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Preserving Body Image and Self-Esteem Among Overweight Youngsters Joanne Ikeda, MA, RD University of California Extension Nutrition Specialist Dec. 10, 2004 FNEP ITV University of Missouri-Columbia. Body Image.

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    1. Preserving Body Image and Self-Esteem Among Overweight YoungstersJoanne Ikeda, MA, RDUniversity of California Extension Nutrition SpecialistDec. 10, 2004 FNEP ITVUniversity of Missouri-Columbia

    2. Body Image Internal representation of your own outer appearance – your own unique perception of your body. (Thompson, Exacting Beauty, APA, 2002)

    3. Body Satisfaction Satisfaction with various aspects of one’s body such as waist, hips, thighs, breasts, hair, etc. (Thompson, Exacting Beauty, APA, 2002)

    4. Self-Esteem Self-esteem is “how much a person likes, accepts, and respects himself overall as a person”.

    5. Body Dissatisfaction Discontent/disappointment with various aspects of one’s body.

    6. How Common is Body Dissatisfaction Among Children ofAll Sizes in 3rd to 6th grade? • 45% wanted to be thinner • 37% had tried to lose weight • 7% scored in anorexia nervosa range

    7. Dieting is considered one indication of body dissatisfaction in children.

    8. How Common is Dieting Among Children in US?National Study of 10,000 youngsters • 41% of Caucasian children • 40% of Asian children • 33% of Hispanic children • 22% of Black children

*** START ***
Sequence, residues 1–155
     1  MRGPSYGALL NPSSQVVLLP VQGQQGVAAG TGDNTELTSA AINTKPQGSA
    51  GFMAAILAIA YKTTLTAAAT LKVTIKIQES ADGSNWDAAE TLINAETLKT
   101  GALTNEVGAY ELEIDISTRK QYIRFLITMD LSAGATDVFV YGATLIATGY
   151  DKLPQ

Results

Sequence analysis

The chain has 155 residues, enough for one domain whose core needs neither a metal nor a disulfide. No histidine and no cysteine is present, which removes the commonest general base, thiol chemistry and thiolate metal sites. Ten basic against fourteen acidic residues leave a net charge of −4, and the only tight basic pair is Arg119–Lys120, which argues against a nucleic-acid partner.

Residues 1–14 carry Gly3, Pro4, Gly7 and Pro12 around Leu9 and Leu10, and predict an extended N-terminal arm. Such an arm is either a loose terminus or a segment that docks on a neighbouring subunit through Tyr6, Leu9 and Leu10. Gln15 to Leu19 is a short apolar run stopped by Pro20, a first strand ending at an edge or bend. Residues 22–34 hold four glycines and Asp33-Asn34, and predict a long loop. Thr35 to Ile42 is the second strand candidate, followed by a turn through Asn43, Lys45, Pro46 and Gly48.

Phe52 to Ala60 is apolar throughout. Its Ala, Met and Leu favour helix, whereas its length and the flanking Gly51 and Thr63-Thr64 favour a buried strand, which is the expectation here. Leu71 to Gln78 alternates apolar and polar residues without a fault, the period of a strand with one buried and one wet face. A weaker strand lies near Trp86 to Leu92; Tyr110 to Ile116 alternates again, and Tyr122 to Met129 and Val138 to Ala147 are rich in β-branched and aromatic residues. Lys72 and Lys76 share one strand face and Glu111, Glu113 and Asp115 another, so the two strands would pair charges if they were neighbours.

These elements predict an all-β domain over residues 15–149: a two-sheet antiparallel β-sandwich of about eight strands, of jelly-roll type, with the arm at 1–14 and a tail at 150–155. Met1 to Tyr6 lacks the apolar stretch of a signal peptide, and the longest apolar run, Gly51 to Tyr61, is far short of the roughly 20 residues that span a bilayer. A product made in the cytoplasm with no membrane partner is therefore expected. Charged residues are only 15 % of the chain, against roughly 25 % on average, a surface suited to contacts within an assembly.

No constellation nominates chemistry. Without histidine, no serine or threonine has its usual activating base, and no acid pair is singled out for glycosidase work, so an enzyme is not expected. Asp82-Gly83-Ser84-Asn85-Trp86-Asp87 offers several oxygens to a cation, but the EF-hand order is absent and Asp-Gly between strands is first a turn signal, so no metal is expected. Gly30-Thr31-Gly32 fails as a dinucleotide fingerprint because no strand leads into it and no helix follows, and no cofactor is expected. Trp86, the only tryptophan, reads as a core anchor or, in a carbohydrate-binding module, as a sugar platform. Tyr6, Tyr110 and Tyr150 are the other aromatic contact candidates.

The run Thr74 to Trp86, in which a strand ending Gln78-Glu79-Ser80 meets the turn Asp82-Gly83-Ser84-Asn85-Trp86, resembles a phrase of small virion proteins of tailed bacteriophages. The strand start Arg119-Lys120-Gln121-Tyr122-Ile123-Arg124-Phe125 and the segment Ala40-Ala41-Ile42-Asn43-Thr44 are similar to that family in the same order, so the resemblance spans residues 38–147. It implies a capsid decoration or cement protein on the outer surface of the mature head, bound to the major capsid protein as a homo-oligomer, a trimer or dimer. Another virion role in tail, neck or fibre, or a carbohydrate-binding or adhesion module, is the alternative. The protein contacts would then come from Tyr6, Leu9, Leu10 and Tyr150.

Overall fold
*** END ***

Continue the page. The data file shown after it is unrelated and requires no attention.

9. Our Society Promotes Body Dissatisfaction and Dieting

    10. Who Promotes Body Dissatisfaction in Children and Teenagers? • Teen Magazines • TV Shows • Movies • Peers • Teachers • Parents

    11. “Body dissatisfaction is the most consistent predictor of the onset of eating disturbances.” (Thompson, Exacting Beauty, APA, 2002)

    12. Body Dissatisfaction has a negative impact on self-esteem, especially among overweight youngsters.

    13. “few problems in childhood have as significant an impact on emotional well-being as being overweight.” Strauss & Pollack, Arch Pediatr Adolesc Med, 2003

    14. Promoting Body Satisfaction and High Self-Esteem in Children and Teenagers

    15. *Point out that human bodies come in a wide range of sizes and shapes and that there is no “perfect” body size and shape.

    16. Celebrate differences in body size and shape among children and adults.

    17. Never imply that there is something wrong with a child’s body no matter what size it is.

    18. Promoting Body Satisfaction and High Self-Esteem *Challenge media images of the “perfect body.

    19. Want to Be a Teen Vogue “IT” GIRL? • Staying up on the latest trends in fashion and beauty is an absolute must for me! • I consider myself to be a leader • I secretly (or not so secretly) love to be the center of attention • Other people look to me for advice on clothes, cosmetics and style

    20. Talk About What Characteristics We Value in Our Friends • Listens to me when I talk about my problems and concerns. • Cares about me. • Enjoys doing the things I like to do. • Is there for me when I need a friend. • Doesn’t tell others my “secrets”.

    21. Promoting Body Satisfaction and High Self-Esteem * Advocate & demonstrate respect for the bodies of others as well as your own body

    22. Model Body Acceptance and Body Satisfaction • Make positive comments about your own body and the bodies of others. • Do not make negative comments about your own body or the bodies of others • Verbalize your own rejection of the thin, “perfect” body